Hypothermia increases aquaporin 4 (AQP4) plasma membrane abundance in human primary cortical astrocytes via a calcium/ transient receptor potential vanilloid 4 (TRPV4)- and calmodulin-mediated mechanism
Research output: Contribution to journal › Article › peer-review
- Biomolecular Sciences Research Centre, Sheffield Hallam University, Sheffield, S1 1WB, UK.
- Institute of Cancer and Genomic Sciences, University of Birmingham, Edgbaston, Birmingham, B15 2TT, United Kingdom.
- Aston University
- Institute of Clinical Sciences, College of Medical and Dental Sciences, University of Birmingham, Edgbaston, Birmingham B15 2TT, UK; Celentyx Ltd, Birmingham Research Park, Edgbaston, Birmingham B15 2SQ, UK.
- Research Institute of Health Sciences, Wolverhampton School of Sciences, University of Wolverhampton, Wulfruna St, Wolverhampton, WV1 1LY.
Human aquaporin 4 (AQP4) is the primary water channel protein in brain astrocytes. Hypothermia is known to cause astrocyte swelling in culture, but the precise role of AQP4 in this process is unknown. Primary human cortical astrocytes were cultured under hypothermic (32°C) or normothermic (37°C) conditions. AQP4 transcript, total protein and surface localized protein were quantified using RT-qPCR, sandwich ELISA with whole cell lysates, or cell-surface biotinylation followed by ELISA analysis of the surface-localized protein, respectively. Four-hour mild hypothermic treatment increased the surface localization of AQP4 in human astrocytes to 155 ± 4% of normothermic controls, despite no change in total protein expression levels. The hypothermia-mediated increase in AQP4 surface abundance on human astrocytes was blocked using either calmodulin antagonist (trifluoperazine; TFP); TRPV4 antagonist, HC-067047 or calcium chelation using EGTA-AM. The TRPV4 agonist (GSK1016790A) mimicked the effect of hypothermia compared with untreated normothermic astrocytes. Hypothermia led to an increase in surface localization of AQP4 in human astrocytes through a mechanism likely dependent on the TRPV4 calcium channel and calmodulin activation. Understanding the effects of hypothermia on astrocytic AQP4 cell-surface expression may help develop new treatments for brain swelling based on an in-depth mechanistic understanding of AQP4 translocation. This article is protected by copyright. All rights reserved.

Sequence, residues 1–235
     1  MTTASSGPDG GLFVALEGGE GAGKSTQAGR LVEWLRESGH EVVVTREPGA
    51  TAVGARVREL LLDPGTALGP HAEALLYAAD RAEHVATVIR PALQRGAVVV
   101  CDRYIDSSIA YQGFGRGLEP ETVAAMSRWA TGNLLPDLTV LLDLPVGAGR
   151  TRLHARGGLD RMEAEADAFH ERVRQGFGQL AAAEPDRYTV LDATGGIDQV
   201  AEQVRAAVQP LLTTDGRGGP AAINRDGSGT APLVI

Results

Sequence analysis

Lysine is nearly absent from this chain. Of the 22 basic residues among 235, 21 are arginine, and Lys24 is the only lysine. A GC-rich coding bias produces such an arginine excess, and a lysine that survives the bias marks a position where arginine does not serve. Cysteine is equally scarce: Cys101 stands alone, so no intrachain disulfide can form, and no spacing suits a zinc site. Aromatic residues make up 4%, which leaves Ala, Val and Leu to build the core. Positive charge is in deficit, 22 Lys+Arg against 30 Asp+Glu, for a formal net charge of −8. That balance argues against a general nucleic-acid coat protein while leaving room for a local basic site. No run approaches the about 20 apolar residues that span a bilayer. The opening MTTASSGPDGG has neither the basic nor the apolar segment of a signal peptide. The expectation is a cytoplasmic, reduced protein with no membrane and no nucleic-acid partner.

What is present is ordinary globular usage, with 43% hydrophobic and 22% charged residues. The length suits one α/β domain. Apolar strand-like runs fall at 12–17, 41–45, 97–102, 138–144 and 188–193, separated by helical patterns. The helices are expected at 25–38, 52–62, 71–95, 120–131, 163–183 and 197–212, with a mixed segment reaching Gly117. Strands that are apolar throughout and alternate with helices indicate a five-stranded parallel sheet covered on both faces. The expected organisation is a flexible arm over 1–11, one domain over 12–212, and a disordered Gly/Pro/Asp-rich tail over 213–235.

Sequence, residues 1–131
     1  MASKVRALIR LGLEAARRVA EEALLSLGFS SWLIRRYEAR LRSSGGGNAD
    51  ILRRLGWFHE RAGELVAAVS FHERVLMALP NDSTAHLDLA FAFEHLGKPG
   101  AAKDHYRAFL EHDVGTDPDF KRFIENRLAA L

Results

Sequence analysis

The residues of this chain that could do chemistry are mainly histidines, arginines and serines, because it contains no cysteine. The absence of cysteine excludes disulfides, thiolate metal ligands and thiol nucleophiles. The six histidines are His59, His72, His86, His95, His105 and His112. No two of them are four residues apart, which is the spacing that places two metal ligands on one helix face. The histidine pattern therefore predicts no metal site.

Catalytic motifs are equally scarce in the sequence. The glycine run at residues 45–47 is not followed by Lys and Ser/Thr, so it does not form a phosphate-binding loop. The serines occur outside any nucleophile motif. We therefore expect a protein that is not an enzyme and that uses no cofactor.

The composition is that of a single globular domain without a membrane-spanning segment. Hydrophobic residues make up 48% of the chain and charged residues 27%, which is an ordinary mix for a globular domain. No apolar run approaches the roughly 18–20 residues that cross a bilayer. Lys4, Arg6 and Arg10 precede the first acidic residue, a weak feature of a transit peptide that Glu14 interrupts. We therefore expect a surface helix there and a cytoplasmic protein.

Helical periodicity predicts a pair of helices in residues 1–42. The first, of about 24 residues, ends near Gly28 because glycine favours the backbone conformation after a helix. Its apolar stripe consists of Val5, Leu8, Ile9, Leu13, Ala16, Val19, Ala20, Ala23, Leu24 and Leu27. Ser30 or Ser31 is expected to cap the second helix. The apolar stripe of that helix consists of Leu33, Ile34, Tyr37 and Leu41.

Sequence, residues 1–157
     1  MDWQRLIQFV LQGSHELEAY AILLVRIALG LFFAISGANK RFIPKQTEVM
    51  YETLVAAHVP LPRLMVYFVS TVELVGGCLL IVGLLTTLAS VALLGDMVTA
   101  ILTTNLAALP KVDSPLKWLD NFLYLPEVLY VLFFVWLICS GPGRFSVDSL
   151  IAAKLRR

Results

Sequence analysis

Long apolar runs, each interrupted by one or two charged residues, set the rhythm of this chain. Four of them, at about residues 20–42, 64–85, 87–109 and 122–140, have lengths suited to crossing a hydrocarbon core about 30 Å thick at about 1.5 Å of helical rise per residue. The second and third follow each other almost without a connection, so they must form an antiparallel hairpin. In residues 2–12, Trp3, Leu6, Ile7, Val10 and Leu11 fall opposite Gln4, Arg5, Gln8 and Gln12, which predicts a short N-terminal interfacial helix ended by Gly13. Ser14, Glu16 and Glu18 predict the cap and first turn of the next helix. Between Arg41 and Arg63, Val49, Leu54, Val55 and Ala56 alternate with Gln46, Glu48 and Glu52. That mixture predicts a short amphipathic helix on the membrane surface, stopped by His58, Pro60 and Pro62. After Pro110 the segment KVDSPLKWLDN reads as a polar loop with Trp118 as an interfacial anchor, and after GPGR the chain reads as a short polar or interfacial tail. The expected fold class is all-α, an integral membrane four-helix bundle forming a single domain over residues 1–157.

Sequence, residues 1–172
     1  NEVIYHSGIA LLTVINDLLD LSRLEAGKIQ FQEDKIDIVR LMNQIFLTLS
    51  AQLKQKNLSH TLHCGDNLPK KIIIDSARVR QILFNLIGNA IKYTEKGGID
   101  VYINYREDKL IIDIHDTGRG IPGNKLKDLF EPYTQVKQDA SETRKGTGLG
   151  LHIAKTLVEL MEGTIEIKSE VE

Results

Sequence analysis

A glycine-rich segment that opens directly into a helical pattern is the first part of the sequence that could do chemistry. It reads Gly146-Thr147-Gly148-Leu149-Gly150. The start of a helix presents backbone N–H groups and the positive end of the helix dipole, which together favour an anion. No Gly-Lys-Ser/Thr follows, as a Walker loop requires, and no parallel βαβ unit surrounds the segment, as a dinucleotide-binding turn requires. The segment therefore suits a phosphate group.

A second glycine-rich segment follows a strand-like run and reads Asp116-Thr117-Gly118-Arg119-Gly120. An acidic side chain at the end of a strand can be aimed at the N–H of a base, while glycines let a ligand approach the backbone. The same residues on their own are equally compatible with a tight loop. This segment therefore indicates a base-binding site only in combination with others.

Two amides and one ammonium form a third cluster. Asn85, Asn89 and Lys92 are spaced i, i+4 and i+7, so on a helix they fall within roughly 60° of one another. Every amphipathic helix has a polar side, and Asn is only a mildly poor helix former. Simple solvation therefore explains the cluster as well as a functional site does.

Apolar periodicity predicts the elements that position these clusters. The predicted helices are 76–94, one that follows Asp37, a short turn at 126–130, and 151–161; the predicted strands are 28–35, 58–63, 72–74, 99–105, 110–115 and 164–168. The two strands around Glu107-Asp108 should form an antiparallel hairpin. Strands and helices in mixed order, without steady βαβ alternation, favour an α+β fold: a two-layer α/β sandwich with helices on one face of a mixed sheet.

|Journal||European Journal of Neuroscience|
|Publication status||Published - 19 Sep 2017|